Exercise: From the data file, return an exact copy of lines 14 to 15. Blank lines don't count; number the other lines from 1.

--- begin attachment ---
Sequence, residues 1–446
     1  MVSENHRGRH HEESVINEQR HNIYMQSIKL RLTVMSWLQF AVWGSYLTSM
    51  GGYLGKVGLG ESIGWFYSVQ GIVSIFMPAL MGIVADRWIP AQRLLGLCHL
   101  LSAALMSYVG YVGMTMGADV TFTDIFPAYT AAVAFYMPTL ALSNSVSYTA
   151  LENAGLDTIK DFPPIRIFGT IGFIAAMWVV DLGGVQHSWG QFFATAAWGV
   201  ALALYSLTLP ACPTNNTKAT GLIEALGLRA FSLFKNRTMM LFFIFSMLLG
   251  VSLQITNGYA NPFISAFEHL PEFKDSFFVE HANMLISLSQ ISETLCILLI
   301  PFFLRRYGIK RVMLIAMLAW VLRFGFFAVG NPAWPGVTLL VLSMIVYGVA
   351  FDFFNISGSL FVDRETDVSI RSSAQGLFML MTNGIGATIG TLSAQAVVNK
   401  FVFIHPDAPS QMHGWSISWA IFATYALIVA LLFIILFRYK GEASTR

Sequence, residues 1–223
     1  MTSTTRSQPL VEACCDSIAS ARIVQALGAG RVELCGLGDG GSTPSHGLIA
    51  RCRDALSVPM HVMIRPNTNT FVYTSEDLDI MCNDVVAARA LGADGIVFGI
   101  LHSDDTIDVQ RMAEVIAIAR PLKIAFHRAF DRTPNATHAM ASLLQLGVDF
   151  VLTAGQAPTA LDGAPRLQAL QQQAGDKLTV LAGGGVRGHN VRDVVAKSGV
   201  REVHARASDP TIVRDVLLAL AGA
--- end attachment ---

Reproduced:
   101  LHSDDTIDVQ RMAEVIAIAR PLKIAFHRAF DRTPNATHAM ASLLQLGVDF
   151  VLTAGQAPTA LDGAPRLQAL QQQAGDKLTV LAGGGVRGHN VRDVVAKSGV